|Warrick, Arthur - University Of Arizona|
Submitted to: Journal of Irrigation and Drainage Engineering
Publication Type: Peer Reviewed Journal
Publication Acceptance Date: 6/26/2015
Publication Date: 7/29/2015
Citation: Bautista, E., Warrick, A.W. 2015. Closure to new results for an approximate method for calculating two-dimensional furrow infiltration. Journal of Irrigation and Drainage Engineering. DOI:10.1061/(ASCE)IR.1943-4774.0000753.
Interpretive Summary: In a discussion paper, Ebrahimian and Noury (2015) raised several concerns about an approximate physically-based, furrow infiltration model proposed by Bautista et al. (2014). Such a model is of practical interest for purposes of predicting infiltration with a furrow irrigation modeling system. A key concern is that part of the analysis contrasts results developed with two different soil hydraulic models, but comparisons are for broad soil textural categories and not for specific soils. This closure paper argues that comparisons based on the same soil will still produce different results because the assumed soil hydraulic model has a profound impact on the predicted infiltration behavior. This is demonstrated in the original paper with one example where the two models are used to represent the hydraulic properties of the same soil. Thus, comparisons based on broad soil textural categories are still useful for understanding how the selected soil hydraulic model impacts the approximate furrow infiltration model.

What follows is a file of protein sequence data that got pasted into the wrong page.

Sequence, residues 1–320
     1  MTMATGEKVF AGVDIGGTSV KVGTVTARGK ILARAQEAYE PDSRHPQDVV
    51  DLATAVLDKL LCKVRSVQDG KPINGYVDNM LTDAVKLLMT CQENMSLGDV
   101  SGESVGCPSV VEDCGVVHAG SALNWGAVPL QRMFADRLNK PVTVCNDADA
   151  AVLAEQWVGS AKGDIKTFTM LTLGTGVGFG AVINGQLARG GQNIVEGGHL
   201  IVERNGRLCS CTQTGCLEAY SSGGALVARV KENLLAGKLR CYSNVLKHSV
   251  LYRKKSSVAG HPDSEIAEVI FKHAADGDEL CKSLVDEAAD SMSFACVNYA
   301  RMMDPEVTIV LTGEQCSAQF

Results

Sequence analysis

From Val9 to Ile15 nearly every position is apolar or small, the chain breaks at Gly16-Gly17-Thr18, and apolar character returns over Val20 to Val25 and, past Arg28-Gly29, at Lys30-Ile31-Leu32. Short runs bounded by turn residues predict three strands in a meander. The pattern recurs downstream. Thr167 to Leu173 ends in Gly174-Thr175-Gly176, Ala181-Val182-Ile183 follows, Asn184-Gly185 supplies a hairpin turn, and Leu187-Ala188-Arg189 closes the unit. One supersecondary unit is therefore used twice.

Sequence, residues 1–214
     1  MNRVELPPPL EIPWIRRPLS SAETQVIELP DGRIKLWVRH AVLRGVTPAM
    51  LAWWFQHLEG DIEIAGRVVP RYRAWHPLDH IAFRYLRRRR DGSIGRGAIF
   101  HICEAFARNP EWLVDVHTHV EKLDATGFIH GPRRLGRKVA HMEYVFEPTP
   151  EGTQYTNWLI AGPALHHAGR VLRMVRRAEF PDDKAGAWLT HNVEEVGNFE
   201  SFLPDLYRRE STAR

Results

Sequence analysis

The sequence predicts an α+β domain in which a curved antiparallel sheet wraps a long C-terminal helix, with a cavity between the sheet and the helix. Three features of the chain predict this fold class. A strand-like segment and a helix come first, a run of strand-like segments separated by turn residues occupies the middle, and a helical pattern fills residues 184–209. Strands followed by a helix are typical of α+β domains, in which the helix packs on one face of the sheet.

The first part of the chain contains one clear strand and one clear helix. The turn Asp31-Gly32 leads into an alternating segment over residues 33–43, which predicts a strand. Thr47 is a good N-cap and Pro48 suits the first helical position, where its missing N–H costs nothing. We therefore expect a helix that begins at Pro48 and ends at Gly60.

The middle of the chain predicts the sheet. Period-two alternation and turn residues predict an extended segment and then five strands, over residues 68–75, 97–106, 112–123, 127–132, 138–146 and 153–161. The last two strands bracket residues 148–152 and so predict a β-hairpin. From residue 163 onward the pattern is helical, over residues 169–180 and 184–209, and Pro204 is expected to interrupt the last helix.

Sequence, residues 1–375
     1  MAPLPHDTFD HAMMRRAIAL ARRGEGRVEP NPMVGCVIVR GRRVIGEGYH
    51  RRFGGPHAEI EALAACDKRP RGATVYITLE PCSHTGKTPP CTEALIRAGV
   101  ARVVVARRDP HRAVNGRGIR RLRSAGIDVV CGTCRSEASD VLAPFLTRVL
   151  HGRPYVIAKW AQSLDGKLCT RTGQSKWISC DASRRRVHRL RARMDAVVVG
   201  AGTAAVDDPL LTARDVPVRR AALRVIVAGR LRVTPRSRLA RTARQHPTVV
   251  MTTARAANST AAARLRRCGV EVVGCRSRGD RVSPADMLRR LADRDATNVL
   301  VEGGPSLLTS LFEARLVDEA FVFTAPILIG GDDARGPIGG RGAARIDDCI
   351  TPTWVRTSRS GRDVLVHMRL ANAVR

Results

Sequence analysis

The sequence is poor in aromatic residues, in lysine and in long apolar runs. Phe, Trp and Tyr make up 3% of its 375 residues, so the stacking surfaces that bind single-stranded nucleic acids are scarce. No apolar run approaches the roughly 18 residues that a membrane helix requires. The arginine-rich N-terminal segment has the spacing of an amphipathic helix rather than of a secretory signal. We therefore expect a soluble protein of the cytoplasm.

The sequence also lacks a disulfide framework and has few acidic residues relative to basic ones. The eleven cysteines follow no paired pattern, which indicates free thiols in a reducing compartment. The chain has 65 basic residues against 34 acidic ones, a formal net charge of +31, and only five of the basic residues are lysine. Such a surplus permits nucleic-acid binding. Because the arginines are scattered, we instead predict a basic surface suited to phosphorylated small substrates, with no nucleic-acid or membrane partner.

Technical Abstract: In a discussion paper, Ebrahimian and Noury (2015) raised several concerns about an approximate solution to the two-dimensional Richards equation presented by Bautista et al (2014). The solution is based on a procedure originally proposed by Warrick et al. (2007). Such a solution is of practical interest for purposes of modeling infiltration in furrow irrigation systems. A key concern is that part of the analysis contrasts results developed for soils represented with the van Genuchten and the Brooks-Corey soil hydraulic models. The approximate solution requires an empirical parameter and the range of values for that parameter is slightly different depending on the model used to represent the soil hydraulic properties. In the analysis, most tests were conducted with different soils for each soil hydraulic model. The discussers argued that comparisons should have conducted using the same soil for each soil hydraulic model. One such case is included in the original paper. This closure paper argues that the assumed soil hydraulic model has a profound impact on the infiltration behavior predicted with the Richards equation, even for the same soil. Thus, the assumed soil hydraulic model affects the calibration of the approximate solution, separately from the soil texture. This is demonstrated in the original paper with one set of tests involving the same soil, but with the two hydraulic models. Results generated with each soil hydraulic model were consistent with those generated with other soil textures but the same hydraulic model. This shows that comparisons based on broad soil textural categories are still useful for understanding how the selected soil hydraulic model impacts the approximate solution.